LOITERING WITH INTENT

THE APPRENTICE

Slowly, slowly, but sometimes delightfully, O'Toole takes us through just his first year at the Royal Academy of Dramatic Arts in this second volume of his memoirs (after (Loitering with Intent: The Child, 1993). At the current rate of progress, fans will have to wait quite a bit longer to get to O'Toole's celebrated screen career in films such as Lawrence of Arabia and The Lion in Winter. Actors are notoriously self-obsessed, but O'Toole breaks new ground as he batters us with insignificant anecdote after anecdote on the ephemera of his life. For a few pages, this looping, discursive style is engagingly oddball, and in a profession whose practitioners are not known for their literary abilities, O'Toole's prose is certainly polished and playful, although too self- consciously Joycean at times. But as with the first volume, he is not content merely to bore and frustrate us with a laundry list of details (and, yes, he even discusses his laundry), he also feels compelled to constantly digress in all directions and at length. In particular, he never misses an opportunity to discuss the great Shakespearean actor (and presumed kindred spirit) Edmund Kean. O'Toole does have some interesting thoughts on acting and on the teaching of acting, amusingly comparing the Stanislavski Method to the game of cricket. Like many British actors, O'Toole prefers a more deliberately constructed and calibrated style of acting. As he says rather severely of rehearsals, ``[They] are no occasion for dabblings in the inexact science of nature, functions, and phenomena of the human soul and mind.'' If only he could have brought his actor's precision and discipline to his prose. There is a charming, witty, lapidary, very slim volume somewhere in here, but it is buried under minutiae.

Pub Date: Feb. 13, 1997

ISBN: 0-7868-6065-0

Page Count: 416

Publisher: Hyperion

Review Posted Online: June 24, 2010

Kirkus Reviews Issue: Dec. 1, 1996

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Stricter than, say, Bergen Evans or W3 ("disinterested" means impartial — period), Strunk is in the last analysis...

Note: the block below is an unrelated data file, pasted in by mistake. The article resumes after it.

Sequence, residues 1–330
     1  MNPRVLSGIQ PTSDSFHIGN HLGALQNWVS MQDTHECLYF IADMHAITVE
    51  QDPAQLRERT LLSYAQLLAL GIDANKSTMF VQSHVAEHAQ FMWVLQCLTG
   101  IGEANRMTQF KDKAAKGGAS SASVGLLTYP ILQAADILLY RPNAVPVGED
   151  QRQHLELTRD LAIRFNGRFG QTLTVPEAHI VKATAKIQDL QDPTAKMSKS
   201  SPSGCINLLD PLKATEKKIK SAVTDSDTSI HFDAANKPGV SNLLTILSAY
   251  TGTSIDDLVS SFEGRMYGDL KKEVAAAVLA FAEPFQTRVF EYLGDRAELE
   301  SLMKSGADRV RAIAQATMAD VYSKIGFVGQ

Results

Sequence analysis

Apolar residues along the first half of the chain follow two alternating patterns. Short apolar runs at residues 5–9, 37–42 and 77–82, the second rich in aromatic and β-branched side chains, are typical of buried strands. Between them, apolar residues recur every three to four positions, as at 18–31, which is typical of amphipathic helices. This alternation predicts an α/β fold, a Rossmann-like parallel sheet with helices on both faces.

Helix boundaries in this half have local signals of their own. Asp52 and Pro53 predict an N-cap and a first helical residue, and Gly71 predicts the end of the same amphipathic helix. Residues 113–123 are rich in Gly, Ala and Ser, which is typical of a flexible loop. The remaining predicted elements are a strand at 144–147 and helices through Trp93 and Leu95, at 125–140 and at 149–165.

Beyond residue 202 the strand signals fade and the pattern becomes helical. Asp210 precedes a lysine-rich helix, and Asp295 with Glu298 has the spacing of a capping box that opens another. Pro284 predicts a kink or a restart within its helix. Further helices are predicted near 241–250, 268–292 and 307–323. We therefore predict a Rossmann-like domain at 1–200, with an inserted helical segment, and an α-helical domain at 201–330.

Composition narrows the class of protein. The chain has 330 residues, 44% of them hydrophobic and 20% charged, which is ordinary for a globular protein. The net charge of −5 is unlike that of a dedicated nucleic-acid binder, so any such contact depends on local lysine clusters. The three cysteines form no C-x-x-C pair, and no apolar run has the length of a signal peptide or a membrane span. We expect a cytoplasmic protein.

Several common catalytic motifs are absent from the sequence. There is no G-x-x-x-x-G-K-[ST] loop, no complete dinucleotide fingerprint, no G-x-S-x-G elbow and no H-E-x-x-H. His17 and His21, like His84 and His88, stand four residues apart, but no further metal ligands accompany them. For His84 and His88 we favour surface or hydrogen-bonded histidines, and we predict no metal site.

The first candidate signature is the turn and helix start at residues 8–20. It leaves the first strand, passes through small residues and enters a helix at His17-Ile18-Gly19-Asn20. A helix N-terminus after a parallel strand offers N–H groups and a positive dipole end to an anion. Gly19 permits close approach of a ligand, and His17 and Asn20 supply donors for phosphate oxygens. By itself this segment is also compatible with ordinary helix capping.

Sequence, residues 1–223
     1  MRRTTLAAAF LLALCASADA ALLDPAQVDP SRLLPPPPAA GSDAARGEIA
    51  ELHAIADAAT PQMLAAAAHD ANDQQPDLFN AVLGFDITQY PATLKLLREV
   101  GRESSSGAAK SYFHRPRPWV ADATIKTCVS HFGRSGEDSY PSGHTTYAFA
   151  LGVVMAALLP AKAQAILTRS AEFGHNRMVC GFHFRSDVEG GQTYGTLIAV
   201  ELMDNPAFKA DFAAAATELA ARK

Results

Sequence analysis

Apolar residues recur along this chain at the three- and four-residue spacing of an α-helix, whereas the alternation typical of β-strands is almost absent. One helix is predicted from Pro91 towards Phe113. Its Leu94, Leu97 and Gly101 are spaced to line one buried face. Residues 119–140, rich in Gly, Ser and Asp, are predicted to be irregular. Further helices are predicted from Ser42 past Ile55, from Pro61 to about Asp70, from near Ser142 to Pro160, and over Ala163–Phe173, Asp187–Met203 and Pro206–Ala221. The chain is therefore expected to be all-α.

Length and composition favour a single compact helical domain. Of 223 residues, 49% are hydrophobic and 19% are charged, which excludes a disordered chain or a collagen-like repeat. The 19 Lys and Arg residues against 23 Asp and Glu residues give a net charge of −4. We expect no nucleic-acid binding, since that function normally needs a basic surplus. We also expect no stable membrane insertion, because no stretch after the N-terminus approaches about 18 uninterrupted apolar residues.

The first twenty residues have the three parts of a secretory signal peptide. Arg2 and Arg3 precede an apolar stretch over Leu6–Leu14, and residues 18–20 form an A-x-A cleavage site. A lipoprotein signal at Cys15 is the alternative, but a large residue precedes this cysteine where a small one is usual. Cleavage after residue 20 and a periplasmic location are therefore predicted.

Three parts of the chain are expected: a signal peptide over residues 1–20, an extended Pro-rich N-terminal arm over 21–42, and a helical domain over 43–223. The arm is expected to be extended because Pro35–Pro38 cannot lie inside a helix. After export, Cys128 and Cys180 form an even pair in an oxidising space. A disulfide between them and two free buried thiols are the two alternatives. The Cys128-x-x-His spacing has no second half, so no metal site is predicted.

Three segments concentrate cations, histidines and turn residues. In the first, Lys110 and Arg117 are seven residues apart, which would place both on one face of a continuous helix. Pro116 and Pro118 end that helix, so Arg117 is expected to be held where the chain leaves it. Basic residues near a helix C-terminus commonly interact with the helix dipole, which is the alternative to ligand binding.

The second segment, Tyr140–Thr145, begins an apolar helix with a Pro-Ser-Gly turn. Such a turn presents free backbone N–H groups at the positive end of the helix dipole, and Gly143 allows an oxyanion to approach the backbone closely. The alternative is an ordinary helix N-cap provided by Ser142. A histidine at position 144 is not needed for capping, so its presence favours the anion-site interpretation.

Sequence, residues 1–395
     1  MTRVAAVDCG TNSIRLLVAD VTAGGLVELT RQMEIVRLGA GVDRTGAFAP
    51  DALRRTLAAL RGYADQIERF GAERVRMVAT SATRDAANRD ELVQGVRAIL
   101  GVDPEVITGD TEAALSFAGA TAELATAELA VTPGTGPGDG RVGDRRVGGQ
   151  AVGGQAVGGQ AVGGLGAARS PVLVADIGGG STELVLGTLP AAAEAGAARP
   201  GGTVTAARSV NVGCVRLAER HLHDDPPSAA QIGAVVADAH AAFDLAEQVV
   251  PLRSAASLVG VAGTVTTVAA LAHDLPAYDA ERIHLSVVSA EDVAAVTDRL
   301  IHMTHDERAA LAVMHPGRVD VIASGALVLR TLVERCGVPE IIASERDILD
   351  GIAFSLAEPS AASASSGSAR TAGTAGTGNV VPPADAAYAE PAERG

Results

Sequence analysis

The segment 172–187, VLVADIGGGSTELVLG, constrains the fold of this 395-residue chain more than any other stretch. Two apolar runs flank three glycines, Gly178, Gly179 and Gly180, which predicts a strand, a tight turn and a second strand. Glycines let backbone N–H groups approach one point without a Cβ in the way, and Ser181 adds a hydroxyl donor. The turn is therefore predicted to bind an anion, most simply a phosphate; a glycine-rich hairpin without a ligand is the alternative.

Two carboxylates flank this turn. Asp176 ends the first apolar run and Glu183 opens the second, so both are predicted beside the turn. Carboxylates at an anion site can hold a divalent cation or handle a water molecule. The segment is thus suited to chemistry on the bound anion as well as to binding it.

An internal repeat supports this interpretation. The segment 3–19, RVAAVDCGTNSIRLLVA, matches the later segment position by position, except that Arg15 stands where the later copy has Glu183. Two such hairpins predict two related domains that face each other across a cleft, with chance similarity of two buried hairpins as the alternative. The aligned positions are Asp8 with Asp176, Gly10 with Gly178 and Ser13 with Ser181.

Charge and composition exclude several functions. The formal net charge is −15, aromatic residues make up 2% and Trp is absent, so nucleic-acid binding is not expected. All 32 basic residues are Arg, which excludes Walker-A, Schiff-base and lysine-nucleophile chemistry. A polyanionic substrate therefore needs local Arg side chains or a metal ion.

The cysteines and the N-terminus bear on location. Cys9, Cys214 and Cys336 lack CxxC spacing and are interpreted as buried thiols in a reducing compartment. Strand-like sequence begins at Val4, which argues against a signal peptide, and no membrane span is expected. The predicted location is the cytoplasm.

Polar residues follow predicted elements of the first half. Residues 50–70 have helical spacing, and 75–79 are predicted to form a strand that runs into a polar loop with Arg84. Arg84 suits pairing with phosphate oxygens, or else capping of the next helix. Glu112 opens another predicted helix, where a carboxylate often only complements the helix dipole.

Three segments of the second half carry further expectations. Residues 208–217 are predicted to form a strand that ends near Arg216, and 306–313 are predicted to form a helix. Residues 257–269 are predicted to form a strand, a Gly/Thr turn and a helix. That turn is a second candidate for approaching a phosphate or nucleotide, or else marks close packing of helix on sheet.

THE ELEMENTS OF STYLE

50TH ANNIVERSARY EDITION

Privately published by Strunk of Cornell in 1918 and revised by his student E. B. White in 1959, that "little book" is back again with more White updatings.

Stricter than, say, Bergen Evans or W3 ("disinterested" means impartial — period), Strunk is in the last analysis (whoops — "A bankrupt expression") a unique guide (which means "without like or equal").

Pub Date: May 15, 1972

ISBN: 0205632645

Page Count: 105

Publisher: Macmillan

Review Posted Online: Oct. 28, 2011

Kirkus Reviews Issue: May 1, 1972

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WHAT A WONDERFUL WORLD

A LIFETIME OF RECORDINGS

Noted jazz and pop record producer Thiele offers a chatty autobiography. Aided by record-business colleague Golden, Thiele traces his career from his start as a ``pubescent, novice jazz record producer'' in the 1940s through the '50s, when he headed Coral, Dot, and Roulette Records, and the '60s, when he worked for ABC and ran the famous Impulse! jazz label. At Coral, Thiele championed the work of ``hillbilly'' singer Buddy Holly, although the only sessions he produced with Holly were marred by saccharine strings. The producer specialized in more mainstream popsters like the irrepressibly perky Teresa Brewer (who later became his fourth wife) and the bubble-machine muzak-meister Lawrence Welk. At Dot, Thiele was instrumental in recording Jack Kerouac's famous beat- generation ramblings to jazz accompaniment (recordings that Dot's president found ``pornographic''), while also overseeing a steady stream of pop hits. He then moved to the Mafia-controlled Roulette label, where he observed the ``silk-suited, pinky-ringed'' entourage who frequented the label's offices. Incredibly, however, Thiele remembers the famously hard-nosed Morris Levy, who ran the label and was eventually convicted of extortion, as ``one of the kindest, most warm-hearted, and classiest music men I have ever known.'' At ABC/Impulse!, Thiele oversaw the classic recordings of John Coltrane, although he is the first to admit that Coltrane essentially produced his own sessions. Like many producers of the day, Thiele participated in the ownership of publishing rights to some of the songs he recorded; he makes no apology for this practice, which he calls ``entirely appropriate and without any ethical conflicts.'' A pleasant, if not exactly riveting, memoir that will be of most interest to those with a thirst for cocktail-hour stories of the record biz. (25 halftones, not seen)

Pub Date: May 1, 1995

ISBN: 0-19-508629-4

Page Count: 224

Publisher: Oxford Univ.

Review Posted Online: May 20, 2010

Kirkus Reviews Issue: March 1, 1995

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